Monthly Archives: July 2011

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Turkey Smokin’

Each year at Thanksgiving we invite everybody we know over to ours for a feast, featuring a couple of smoked turkeys that we make in our garden in a makeshift smokehouse. So last Thursday when we got a call asking us if we had any skills we could share at the Skill Swap for this month's Friday Late, we knew it was time to share our turkey smoking secrets. Unfortuneately, we didn't have time (or clearance from the H&S sherrif) to actually smoke a turkey in the V&A courtyard so we had to make do with a model. On the …

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Designing Postmodernism, Part 6: Mannequins

OK, here’s a seriously cool design process for you: putting together the mannequins for the display of 1980s fashion. With designers like Vivienne Westwood, Rei Kawakubo, and Karl Lagerfeld included alongside pop stars like Devo, David Byrne, and Annie Lennox, and choreographers like Michael Clark, Kazuo Ohno, and Karole Armitage, costume is definitely going to be a highlight of the Postmodernism project.

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Designing Postmodernism, Part 5: Birth of a Label

I know I've already posted about the graphic design for our Postmodernism show, but we've just finished the label design for the exhibition and there's a new example of "sketch to product" process that is just too good to pass up. It comes courtesy of Jason Wolfe, one of the designers at APFEL (who are doing all the graphics for the show).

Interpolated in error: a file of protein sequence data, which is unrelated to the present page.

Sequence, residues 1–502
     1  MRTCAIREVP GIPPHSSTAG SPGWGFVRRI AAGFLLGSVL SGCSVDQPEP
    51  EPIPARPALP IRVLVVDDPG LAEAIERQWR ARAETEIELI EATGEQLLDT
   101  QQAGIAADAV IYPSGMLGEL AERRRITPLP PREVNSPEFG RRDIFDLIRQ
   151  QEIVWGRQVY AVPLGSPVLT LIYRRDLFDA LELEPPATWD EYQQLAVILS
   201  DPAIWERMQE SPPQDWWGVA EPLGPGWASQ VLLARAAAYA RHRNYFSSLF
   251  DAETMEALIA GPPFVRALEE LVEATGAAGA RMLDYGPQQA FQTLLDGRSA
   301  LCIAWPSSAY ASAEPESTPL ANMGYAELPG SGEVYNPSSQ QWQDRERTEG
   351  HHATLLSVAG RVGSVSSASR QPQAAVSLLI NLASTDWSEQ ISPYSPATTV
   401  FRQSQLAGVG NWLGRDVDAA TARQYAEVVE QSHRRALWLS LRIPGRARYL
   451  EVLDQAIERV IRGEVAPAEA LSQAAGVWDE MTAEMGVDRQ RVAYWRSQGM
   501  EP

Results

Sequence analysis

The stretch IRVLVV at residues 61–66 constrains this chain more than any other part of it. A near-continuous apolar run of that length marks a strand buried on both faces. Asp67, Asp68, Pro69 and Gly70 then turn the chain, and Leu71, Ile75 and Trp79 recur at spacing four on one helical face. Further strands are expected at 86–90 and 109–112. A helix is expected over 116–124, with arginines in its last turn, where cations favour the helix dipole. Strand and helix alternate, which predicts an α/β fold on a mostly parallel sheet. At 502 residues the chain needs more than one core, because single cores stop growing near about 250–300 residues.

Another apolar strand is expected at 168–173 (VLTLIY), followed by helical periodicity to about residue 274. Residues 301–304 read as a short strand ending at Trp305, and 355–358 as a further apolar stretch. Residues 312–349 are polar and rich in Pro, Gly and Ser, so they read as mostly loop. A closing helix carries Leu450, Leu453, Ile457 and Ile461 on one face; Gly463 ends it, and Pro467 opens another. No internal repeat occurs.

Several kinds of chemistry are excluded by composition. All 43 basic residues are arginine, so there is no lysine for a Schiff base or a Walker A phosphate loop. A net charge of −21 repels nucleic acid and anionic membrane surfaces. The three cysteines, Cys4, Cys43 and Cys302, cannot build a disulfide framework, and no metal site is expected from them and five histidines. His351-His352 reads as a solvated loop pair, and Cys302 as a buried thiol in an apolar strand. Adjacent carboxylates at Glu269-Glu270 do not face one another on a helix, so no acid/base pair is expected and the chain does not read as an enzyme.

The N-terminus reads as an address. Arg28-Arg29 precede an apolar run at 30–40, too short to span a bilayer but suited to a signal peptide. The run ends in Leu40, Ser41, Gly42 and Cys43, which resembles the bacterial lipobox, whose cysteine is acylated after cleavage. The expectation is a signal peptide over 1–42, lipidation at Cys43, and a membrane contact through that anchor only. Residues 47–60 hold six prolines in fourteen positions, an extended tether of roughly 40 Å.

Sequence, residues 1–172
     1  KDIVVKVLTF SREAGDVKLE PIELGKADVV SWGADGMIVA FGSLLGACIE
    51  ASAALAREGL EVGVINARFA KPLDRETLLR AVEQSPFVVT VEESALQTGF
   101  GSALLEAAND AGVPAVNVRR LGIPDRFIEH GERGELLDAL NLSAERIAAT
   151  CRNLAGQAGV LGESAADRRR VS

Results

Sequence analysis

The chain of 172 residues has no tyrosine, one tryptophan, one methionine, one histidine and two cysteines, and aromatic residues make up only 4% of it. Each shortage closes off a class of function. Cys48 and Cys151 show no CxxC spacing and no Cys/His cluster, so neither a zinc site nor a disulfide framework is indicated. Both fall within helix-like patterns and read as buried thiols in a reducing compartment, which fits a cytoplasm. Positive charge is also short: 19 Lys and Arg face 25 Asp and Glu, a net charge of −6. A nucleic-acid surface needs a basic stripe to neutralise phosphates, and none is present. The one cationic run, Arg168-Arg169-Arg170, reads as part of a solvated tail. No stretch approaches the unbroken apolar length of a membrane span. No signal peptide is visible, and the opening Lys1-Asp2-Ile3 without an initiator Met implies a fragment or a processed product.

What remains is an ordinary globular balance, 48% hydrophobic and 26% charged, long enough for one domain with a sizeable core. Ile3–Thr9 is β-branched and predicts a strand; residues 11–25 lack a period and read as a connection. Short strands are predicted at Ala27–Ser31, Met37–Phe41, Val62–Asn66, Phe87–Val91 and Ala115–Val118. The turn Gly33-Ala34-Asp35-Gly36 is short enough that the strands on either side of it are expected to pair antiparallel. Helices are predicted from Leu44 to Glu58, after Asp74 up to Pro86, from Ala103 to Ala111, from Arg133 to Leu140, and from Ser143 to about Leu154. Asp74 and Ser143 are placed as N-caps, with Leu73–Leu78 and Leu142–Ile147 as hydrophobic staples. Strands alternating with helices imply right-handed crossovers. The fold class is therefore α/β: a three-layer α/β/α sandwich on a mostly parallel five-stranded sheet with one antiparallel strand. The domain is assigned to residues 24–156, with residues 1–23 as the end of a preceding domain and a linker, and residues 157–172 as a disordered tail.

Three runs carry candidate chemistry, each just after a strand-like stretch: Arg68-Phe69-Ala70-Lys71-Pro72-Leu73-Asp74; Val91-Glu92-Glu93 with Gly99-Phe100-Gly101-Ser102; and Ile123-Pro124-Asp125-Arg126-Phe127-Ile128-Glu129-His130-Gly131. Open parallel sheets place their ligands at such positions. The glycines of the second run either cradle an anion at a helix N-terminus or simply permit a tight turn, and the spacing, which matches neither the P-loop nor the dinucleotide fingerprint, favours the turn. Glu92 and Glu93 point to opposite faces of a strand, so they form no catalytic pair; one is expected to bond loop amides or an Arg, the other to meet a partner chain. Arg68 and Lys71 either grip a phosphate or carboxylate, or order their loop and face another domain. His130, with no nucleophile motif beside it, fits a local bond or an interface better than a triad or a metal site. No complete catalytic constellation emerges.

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Week one

Place of origin: Jingdezhen (made) Date: late 16th century-early 17th century (made) Artist/Maker: unknown Materials and Techniques: Porcelain painted in underglaze cobalt blue Credit Line:Given from the Bloxam Collection Museum number: C.122-1928 Gallery location: Ceramics Study Galleries, Asia & Europe, room 137, case 6, shelf 6

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As with all of the objects that make their way through the conservation department, the first job is to do a full assessment of the object. Each of the conservation departments involved (Metals, Sculpture, Textiles and Furniture and the Mount team) have examined the doll and given an estimate for the length of time needed to carry out the work on their particular material. The lacquer and the textile elements need the most work in order to support and stabilise these elements for display. The metal chain mail and other metal elements need the least amount of work and will …

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Moving In

We’re settling into our new studios now, getting acquainted with the V&A. The spaces are spectacular, and it is incredibly fun getting to peek behind the scenes of the museum.

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Paper Architecture

Architects have been drawing for a long time, often without much hope that their ideas will be realized. Some of the most famous images from the history of discipline, like the Cenotaph (or death monument) for the astronomer Newton designed by Étienne-Louis Boullée, would have been impossible to construct even if the budget had been forthcoming.

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